Editor’s note: This post was originally published by Julie Dietz in July 2017 and has since been refreshed to make sure we’re bringing you the latest and greatest.
Getting people to join your association is like making a sale. You need to offer them something they want enough that they’re willing to pay for it.
The problem is that many other organizations have similar offers and value propositions. So what benefits can you provide that convince people to join – and stay – with your association?
Here are six member benefit ideas that should do the trick.
1. Members-Only Job Boards
Everyone wants to land a great job, right? Your association has the industry connections to make that happen. Partner with major employers and experts in your field to create job boards for your members. Keep job postings open to the public to entice prospects, but make the application available to members only. This creates a public-facing benefit that helps potential members find you while also providing a compelling reason to join.
Active job boards are a great way to attract younger generations as well. Abila found that job opportunities were the number one benefit young professionals are looking for. Even millennials who are already working in their chosen industry are often interested in new opportunities because, while they’re one of the most well-educated generations, millennials still make less money than their older counterparts. All that makes job boards an excellent benefit for acquiring new millennial members.
2. Networking and Directory Access
Job boards aren’t the only way to help your members make professional, or even personal, connections. Online networking, like connecting through an online community or looking up experts in a directory, is also a valuable benefit.
Plus, when you help members create a network of their peers, they’ll become more engaged and more connected to you through these relationships (can you spell r-e-t-e-n-t-i-o-n?).
Member directories help people find peers in their area and build relationships. New connections can meet in person or exchange emails to share best practices or support one another through personal and professional challenges.
Similarly, you can offer expert directories that aggregate accomplished professionals in your field.
Members can browse your online expert directory to find speakers for their events as well as freelancers or guest contributors, like authors. An easily-accessible, searchable directory will save members time and effort trying to fill their event lineup and content calendars.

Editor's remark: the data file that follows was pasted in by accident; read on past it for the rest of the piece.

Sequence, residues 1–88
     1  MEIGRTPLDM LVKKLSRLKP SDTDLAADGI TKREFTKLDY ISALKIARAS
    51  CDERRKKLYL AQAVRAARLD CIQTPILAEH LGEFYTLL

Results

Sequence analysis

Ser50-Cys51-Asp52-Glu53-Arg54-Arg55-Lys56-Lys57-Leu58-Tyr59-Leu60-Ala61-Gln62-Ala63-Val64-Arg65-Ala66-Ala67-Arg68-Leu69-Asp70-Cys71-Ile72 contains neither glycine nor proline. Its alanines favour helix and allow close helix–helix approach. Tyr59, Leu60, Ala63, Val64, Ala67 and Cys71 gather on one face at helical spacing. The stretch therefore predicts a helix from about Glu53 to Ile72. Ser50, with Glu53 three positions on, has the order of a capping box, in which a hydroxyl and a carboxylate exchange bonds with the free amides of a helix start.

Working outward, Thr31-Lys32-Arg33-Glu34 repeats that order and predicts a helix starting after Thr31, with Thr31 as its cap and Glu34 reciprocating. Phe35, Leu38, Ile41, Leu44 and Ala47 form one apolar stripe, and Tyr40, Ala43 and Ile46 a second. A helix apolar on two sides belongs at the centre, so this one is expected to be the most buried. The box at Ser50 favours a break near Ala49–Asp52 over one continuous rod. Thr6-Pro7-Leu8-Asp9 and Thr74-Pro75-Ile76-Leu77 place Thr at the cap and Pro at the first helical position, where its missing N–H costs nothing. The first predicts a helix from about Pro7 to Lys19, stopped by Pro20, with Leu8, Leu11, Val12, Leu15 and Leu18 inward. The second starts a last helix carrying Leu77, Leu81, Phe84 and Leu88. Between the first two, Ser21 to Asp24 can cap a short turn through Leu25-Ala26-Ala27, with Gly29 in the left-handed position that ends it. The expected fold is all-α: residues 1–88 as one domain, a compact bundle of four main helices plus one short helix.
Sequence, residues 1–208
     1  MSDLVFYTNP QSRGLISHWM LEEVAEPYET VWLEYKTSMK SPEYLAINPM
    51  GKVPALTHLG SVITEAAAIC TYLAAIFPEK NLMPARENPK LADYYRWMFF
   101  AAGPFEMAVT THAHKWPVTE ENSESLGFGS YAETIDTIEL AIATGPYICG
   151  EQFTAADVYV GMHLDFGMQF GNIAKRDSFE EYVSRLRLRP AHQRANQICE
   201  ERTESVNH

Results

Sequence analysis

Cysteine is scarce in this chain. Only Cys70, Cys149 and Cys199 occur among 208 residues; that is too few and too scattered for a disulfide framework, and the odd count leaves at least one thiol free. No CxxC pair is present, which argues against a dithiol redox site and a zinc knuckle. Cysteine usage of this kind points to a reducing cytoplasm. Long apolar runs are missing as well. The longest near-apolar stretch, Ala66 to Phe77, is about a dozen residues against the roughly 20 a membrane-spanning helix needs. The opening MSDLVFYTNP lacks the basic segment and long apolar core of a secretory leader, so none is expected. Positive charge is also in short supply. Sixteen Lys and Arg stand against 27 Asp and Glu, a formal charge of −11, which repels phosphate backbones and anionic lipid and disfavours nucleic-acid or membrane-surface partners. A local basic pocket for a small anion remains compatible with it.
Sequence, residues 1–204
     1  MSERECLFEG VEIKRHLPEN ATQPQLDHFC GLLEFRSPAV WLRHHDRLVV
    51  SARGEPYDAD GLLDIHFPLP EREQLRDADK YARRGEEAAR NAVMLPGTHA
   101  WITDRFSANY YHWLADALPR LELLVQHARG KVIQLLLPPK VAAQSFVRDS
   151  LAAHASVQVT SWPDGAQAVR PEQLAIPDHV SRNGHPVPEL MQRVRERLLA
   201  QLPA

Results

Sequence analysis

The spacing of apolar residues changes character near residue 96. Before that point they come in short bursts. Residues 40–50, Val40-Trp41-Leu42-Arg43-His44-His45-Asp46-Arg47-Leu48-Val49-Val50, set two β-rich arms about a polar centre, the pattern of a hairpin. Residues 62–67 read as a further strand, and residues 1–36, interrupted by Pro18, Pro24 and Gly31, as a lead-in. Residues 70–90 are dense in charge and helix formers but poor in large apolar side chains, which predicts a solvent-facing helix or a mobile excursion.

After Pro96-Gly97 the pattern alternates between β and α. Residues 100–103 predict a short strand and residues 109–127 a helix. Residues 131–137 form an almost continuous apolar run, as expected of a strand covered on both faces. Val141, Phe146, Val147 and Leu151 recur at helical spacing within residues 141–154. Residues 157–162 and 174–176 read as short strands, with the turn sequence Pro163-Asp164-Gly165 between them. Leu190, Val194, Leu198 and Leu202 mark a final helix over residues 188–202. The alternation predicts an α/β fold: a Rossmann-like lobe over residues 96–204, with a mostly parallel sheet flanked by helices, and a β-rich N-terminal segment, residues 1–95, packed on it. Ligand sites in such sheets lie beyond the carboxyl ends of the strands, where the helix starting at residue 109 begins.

3. Flexible Online Learning and Certifications
Lifelong learning is a major goal for many people, so provide flexible learning options to help your members master new skills. For example, you could create an online course that teaches your members how to use Excel better, if relevant to their field. Or, depending on your field, how about a course on issues like health and wellness?
To get the most of their online courses, many associations use a learning management system (LMS), often integrated with an online community. The best LMS software supports a variety of content types, which makes it easy for you to create online courses with text, videos, live webinars, and tests to gauge how much information members retain.
Award certificates to members who pass a course, or series of courses, so they can demonstrate their expertise to current and future employers. These certifications, especially if widely recognized in your industry, are often key motivators for joining your association.
Expert Tip: Learning management systems may also help you increase non-dues revenue by selling some of your online courses or certification materials. You can set prices for courses individually or base them on membership tier. Members in your highest tier may have complimentary access to all your courses, while lower tiers pay for more in-depth material.
4. Professional Mentoring Programs
People learn and support one another differently, so provide an online mentoring program to help members learn practical skills in a one-on-one setting.
In an online mentoring program, mentors and mentees connect with one another and choose the relationships that they find most valuable. Mentees can request a mentor from a different company, department, or location based on their interests, while mentors search for and connect with promising young professionals who may benefit from their expertise. Just think – you could help your members create a valuable relationship that they’ll rely on for the rest of their career.